The Dreyfus Affair
Adler, Joseph, Midstream
In France, during the last decades of the 19th century, antagonisms that had been smoldering for some time below the surface suddenly erupted most violently. A series of events divided the country into warring camps, pitching republicans against monarchists, clericalists against secularists, militarists against pacifists, and radicals against reactionaries.
Monarchists had suffered by the abolition of the throne in 1871 and the creation of the Third Republic; clericalists feared a diminution of power at the hands of the republican government; militarists still smarted from the humiliating defeat of the French army at Sedan during the Franco-Prussian War. Indeed, the obsessive dream of the army for "revanche" against the Prussians helped to generate, with the assistance of the press and of the Church, a fanatical upsurge of nationalism.
Forces arrayed against the republican government sought a pretext for their opposition and found it in the traditional scapegoat of history -- the Jews. An immediate salvo of antisemitic propaganda emerged following the collapse of the Catholic Union General Bank, in which many small investors lost their savings; the director of the bank blamed "Jewish capital" for the bankruptcy.
Antisemitic ideas became more prevalent following the publication in 1886 of Edouard Drumont's massive two-volume book, La France juive ("Jewish France"). The work purported to show an historical clash between Aryan and Semite, depicting the destructive influence of the Jews (numbering at the time less than 75,000) over French politics, finance, and life. Thousands of copies of Drumont's book were sold, and antisemitic activity reached a new high.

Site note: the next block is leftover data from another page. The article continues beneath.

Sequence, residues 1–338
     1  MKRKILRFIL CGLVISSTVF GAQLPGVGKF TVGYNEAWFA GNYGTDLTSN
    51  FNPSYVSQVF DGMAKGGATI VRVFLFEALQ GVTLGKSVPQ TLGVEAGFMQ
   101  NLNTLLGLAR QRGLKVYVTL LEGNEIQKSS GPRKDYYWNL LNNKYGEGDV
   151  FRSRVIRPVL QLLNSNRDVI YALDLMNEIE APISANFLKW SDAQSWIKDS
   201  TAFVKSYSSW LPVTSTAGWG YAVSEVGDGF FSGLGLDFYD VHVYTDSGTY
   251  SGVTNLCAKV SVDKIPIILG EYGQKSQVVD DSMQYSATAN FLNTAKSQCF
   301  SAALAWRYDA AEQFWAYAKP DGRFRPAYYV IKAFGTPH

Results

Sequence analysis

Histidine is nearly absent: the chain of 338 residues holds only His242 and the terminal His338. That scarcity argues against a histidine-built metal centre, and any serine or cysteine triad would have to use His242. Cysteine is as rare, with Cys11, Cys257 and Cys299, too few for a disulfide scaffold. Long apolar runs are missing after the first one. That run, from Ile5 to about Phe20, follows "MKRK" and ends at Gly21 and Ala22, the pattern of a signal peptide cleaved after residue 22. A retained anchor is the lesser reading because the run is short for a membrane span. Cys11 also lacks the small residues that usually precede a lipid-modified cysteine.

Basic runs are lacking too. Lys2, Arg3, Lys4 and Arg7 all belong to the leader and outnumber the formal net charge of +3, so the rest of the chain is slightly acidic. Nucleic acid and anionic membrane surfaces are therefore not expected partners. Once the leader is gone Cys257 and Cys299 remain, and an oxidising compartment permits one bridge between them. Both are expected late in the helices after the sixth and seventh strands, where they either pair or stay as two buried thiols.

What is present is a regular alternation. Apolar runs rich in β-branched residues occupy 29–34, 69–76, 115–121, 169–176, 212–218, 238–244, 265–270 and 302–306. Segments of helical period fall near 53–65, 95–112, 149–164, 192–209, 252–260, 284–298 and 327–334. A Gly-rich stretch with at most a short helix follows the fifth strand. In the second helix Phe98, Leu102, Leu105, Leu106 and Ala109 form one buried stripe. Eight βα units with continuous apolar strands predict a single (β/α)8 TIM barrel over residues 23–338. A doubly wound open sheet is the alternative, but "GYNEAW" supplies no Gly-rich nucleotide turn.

Flushed with success, Drumont used his literary profits to help found an antisemitic league and to launch an anti-republican and antisemitic newspaper, La Libre Parole. The Panama Canal scandal, involving certain shady transactions by a number of bankers, cabinet ministers, and leading members of the Chamber of Deputies, provided additional ammunition for his diatribes. The mere fact that some of the bankers implicated were Jews was sufficient for Drumont to raise the hue and cry that the Jewish capitalists were corrupting French statesmen and legislators with their gold. Tensions reached new heights at the end of 1894, with the arrest of a Jewish officer, Alfred Dreyfus, on a charge of espionage.
Dreyfus was born in Mulhouse, Alsace, in 1859. His father was a wealthy assimilated Jew who, out of a sense of French patriotism when Alsace came under German rule, had moved his family to Paris. Early on, Alfred decided on a military career and, after studying at the Ecole Polytechnique, was commissioned as an artillery officer in the French army (1882). Upon completion of a staff course at the Ecole Superieure de Guerre (1890), he was posted to the Second Bureau of the French General Staff, with the rank of captain (the staff's only Jewish member). Of medium height and wearing pince-nez glasses, a conservative, hard-working, and earnest Dreyfus seemed a most unlikely candidate to be singled out for the leading role in a judicial drama that would tear France apart for many years and make of him the focus of continuing world attention.
Dreyfus's travail began in September 1894. A French counter-intelligence agent had retrieved from a wastepaper basket in the office of Colonel Schwartzkoppen, the German military attache in Paris, a handwritten "bordereau," or schedule, listing secret French military documents that had been, or were to be, passed to Germany. The counter-intelligence operative delivered the bordereau to his superiors. Chief of French Military Intelligence Colonel Jean-Conrad Sandherr was unable to identify the handwriting authoritatively -- and neither could the handwriting experts he consulted. Eventually, Sandherr was persuaded by his aides, of whom Major Hubert Joseph Henry was the most insistent that the most likely culprit was a staff officer, namely Captain Alfred Dreyfus. …